Modern Martyrs Commemorated at Westminster Abbey: L-R: the Polish Franciscan, Maximilian Kolbe, killed in the concentration camps; Manche Masemola, a South African teenager, murdered by her parents, ‘baptised in her own blood’, for converting to Christianity; and Janani Luwum, Anglican Archbishop of Kampala, Uganda, assassinated by order of President Amin, a modern Uganda martyr. Jean-Christophe Benoist, https://commons.wikimedia.org/wiki/File:WestminsterAbbey-Martyrs.jpg
How did the Uganda Martyrs come to be Christians? Young men from France and Britain, overflowing with the same love that springs out of the Triune God, had gone there to bring them the Good News about Jesus. Sadly, the two camps did not always see eye to eye and imported to Africa the divisions that the Church in Europe had long taken for granted. Now Pope Francis speaks of the Ecumenism of Blood, in the light of the thousands of modern martyrs of all denominations. This new Unity had been recognised by the Dean and Chapter of Westminster who commissioned the statues of modern martyrs for the facade of the Abbey in 1998.
Both Anglican and Catholic Christians died for the Faith, and as St John Paul II said in Uganda in 1993,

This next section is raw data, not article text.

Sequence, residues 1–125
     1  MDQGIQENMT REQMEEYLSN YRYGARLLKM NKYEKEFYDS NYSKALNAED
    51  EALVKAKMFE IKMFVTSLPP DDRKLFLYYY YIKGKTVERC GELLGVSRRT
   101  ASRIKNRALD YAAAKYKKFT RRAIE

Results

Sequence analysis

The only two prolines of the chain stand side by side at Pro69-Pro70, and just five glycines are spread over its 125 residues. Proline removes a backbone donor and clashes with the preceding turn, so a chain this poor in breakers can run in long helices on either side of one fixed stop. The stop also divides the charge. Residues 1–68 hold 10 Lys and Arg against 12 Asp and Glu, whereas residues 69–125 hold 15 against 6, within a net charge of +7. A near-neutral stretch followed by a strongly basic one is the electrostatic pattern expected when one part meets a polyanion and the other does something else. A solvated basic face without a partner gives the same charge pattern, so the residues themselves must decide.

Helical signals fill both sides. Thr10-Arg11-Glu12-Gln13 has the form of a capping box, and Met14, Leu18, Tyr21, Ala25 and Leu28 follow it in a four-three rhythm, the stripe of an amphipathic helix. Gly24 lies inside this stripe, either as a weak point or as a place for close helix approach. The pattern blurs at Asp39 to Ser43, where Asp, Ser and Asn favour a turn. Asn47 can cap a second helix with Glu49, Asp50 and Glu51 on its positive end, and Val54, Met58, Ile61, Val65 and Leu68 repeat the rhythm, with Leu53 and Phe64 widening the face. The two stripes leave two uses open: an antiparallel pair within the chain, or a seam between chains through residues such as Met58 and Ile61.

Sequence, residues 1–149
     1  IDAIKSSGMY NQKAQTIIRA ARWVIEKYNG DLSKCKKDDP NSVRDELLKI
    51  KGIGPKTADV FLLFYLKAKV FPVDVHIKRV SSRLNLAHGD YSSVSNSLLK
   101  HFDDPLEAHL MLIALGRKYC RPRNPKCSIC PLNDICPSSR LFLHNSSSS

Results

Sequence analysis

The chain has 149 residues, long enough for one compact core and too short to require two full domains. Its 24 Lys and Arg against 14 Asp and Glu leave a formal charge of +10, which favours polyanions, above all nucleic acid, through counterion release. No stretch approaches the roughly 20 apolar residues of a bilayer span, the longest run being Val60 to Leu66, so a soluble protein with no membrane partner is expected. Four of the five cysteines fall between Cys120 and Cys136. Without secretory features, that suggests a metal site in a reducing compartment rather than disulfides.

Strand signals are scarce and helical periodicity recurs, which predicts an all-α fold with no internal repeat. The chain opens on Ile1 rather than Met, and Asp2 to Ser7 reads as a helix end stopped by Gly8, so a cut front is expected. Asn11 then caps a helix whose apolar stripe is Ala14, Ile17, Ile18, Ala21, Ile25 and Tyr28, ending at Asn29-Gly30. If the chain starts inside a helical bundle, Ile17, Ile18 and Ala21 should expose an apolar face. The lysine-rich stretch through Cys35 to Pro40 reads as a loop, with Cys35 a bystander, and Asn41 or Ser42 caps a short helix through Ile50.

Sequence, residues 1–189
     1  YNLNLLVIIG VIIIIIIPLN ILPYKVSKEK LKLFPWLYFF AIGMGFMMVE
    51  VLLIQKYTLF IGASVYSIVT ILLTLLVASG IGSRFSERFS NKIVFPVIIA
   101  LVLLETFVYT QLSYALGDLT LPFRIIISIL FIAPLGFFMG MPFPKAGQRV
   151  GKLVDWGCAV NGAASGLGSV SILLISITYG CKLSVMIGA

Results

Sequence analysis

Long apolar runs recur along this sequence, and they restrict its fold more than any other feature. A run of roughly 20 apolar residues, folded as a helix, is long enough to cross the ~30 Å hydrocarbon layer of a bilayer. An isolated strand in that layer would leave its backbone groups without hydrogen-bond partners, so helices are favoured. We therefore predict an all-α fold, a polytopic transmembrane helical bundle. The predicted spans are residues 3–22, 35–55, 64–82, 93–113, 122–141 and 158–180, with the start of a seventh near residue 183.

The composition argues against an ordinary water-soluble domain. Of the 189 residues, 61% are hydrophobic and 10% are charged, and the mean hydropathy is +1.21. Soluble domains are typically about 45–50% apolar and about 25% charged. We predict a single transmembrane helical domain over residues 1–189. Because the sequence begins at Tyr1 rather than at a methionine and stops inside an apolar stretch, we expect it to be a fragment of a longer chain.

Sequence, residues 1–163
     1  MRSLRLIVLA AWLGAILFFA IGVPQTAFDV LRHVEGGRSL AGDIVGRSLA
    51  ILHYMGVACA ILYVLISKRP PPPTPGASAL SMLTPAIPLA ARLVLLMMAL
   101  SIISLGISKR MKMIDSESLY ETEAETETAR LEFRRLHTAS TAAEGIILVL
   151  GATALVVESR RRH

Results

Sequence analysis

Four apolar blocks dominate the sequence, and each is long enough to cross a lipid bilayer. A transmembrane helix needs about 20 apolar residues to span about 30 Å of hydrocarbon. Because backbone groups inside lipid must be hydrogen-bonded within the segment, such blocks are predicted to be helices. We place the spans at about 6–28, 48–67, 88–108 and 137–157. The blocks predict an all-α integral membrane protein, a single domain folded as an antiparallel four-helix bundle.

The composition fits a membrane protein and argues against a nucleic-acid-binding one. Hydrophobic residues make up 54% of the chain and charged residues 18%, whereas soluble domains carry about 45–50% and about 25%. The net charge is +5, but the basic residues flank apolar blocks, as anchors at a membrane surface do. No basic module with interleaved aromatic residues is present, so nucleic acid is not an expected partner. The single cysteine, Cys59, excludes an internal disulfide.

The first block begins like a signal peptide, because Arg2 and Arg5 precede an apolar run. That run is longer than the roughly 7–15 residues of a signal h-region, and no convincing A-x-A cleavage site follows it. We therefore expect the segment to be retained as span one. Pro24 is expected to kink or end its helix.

the Uganda Martyrs became light in the Lord! Their sacrifice hastened the rebirth of the Church in Africa. In our own days, all Africa is being called to the light of Christ! All that is truly African, all that is true and good and noble in Africa’s traditions and cultures, is meant to find its fulfilment in Christ.
Your Martyrs joyfully shared with others the good news about the One who is “the way and the truth and the life” (Jn. 14: 6). They understood that “faith is strengthened when it is given to others” (John Paul II, Redemptoris Missio, 2).The effects of Christ’s light must clearly be seen in the goodness of your lives!
How best can we share the Good News in a very different world to that of Nineteenth Century Uganda? For most of us, most of the time, there are small steps we can take. Doing whatever we can as Churches Together, praying together for unity within and between Churches; looking happy, as though we believe the Gospel is Good News, a friendly word with whoever we meet.
You can find the text of Redemptoris Missio here: http://w2.vatican.va/content/john-paul-ii/en/encyclicals/documents/hf_jp-ii_enc_07121990_redemptoris-missio.html